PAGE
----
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Middle-schooler’s project reminds us that we owe today’s big stripers to ’80s moratorium

Eighth-grader Brian Zagalsky has been fishing since he was three years old. Now his love of reeling in big fish is paying double dividends.     The Annapolis Middle Schooler’s class project for National History Day grew into a prize-winning exploration of Maryland’s five-year rockfish moratorium launched in 1985.

Southern Maryland volunteers strut 70 years of service

When a volunteer fire department and a small town come together to host the 70th anniversary of the Southern Maryland Volunteer Fire Department, the result is not your average party but a big city, bright lights affair.     Hosting all 40 departments from Calvert, Charles and St. Mary’s counties for the first time since 1987, the Huntingtown Volunteer Fire Department promises two days, April 29 and 30, rife with tradition and ceremony.

Competitors in the Highland Games put brawn in their brag

You can wear a kilt, dance a jig or play a bagpipe to show the Celt in you. Or you can throw a tree, caber in Celtic parlance. You simply pick it up by the small end and run with it, then flip it end over end.     You’ll see all those gradations and more this Saturday at the 39th Southern Maryland Celtic Festival and Highland Games.

Your paper is hand-delivered each week by a team of dedicated drivers

All the wonderful writing, beautiful cover pages, pleasing layouts and on-time printing wouldn’t mean a thing without the group of six stalwart delivery drivers who get Bay Weekly to your favorite pick-up point each Thursday. Neither rain, nor snow, nor wind, nor blinding early morning sunshine will keep these mighty drivers from their appointed rounds.     You may never see them, so we bring them to you, in celebration of all the drivers who — with this paper — will have delivered 1,219 editions of Bay Weekly over 24 years.

Species depend on your yard and you

What if your backyard were the last place for wildlife to live? What if now were your last chance to help?     It is, and it is.     So says Doug Tallamy, the University of Delaware entomology professor, who comes to Bowie for Earth Day to explain why.     “He has identified an environmental storm front the likes of Silent Spring,” says Elmer Dengler of the Bowie-Crofton Garden Club, a sponsor of Tallamy’s April 21 visit.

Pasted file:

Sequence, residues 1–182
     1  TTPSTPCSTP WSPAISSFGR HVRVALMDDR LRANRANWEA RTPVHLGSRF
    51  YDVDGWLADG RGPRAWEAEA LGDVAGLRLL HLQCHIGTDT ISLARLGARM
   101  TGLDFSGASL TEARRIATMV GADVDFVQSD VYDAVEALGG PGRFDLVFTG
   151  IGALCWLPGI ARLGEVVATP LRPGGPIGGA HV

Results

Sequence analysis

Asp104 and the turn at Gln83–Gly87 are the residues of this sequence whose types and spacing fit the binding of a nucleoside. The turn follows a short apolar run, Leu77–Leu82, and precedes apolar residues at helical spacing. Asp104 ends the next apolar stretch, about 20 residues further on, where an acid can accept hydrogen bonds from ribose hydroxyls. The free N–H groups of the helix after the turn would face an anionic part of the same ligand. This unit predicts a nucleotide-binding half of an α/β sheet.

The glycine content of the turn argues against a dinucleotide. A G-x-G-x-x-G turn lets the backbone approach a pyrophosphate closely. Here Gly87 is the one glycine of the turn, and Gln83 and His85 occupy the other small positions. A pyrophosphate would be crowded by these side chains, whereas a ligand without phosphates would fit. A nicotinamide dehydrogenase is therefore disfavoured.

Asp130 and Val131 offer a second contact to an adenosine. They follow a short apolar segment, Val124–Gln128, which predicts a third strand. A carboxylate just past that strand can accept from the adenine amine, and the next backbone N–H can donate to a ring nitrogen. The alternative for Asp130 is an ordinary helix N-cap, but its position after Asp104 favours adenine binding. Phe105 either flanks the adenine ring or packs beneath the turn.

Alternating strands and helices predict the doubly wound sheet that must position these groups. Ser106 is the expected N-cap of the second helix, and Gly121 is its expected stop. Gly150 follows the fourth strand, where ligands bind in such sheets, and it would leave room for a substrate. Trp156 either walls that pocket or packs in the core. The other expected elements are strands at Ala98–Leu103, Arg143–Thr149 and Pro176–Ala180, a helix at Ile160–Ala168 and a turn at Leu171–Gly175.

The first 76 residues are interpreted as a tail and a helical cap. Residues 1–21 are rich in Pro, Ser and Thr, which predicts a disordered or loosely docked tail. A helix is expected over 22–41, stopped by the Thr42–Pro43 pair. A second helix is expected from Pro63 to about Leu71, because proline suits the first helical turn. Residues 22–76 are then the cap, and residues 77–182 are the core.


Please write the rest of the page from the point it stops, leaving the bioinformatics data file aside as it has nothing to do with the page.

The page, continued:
Leo James knows better than most what’s swimming down there

In gauging the chances of a successful fishing season, I have learned to distrust the forecasting of state and conservation officials as fraught with politics and self-interest. Worse, my own guesses have proven wrong so often that I’ve learned to stop making them. There has been, however, one source I rely on year after year.     I’ve come to think of this fellow with his thick mane of white hair as the Oracle of Mill Creek.

Up close and personal with nature’s most ­powerful birds

His talons are long. This six-week-old osprey already has the equipment he needs to fend off foes. But biologist Craig Koppie goes barehanded into the nest.     For Koppie, working with raptors has been a passion since he was a boy.     “I come from a family of pilots,” Koppie says. “Everybody has some kind of thrill for flying or fondness for nature, and I’ve been fascinated with flight ever since I knew about airplanes. Instead of piloting planes, some of us fly as biologists.”

Mary Davis transformed herself from a pack-a-day smoker to a ­winning bikini competitor

Today’s Mary Davis is not the Mary Davis she once was.     Chiseled and ripped, with no body fat that shows in a bikini, the 35-year-old mother and businesswoman is a trophy-winning competitive bodybuilder. This month she competes in the Organization of Competitive Bodybuilders Catonsville Conquer to add two more trophies to her legend. In last October’s competition, she came in second as a Novice, the only category she could enter as a newcomer to the sport.

In 40 years, Grace Cavalieri has interviewed and recorded more than 2,000 poets

Anne Arundel County neighbor Grace Cavalieri is poetry’s answer to NPR radio talk show host Diane Rehm — with this exception: Rehm retired last year after 37 years on air. Cavalieri is still going strong.

A night on the dance floor in Davidsonville is good exercise and a great bargain

Back in the woods, off a winding country road in Davidsonville, a bunch of happy people are cutting the rug in the former mess hall of a decommissioned Nike missile base.     It’s good times as usual with the Davidsonville Dance Club, which hosts weekly Saturday night dances, evening lessons during the week and occasional weekend workshops. Founded in 1980, the club’s membership is about 250, equally balanced between men and women.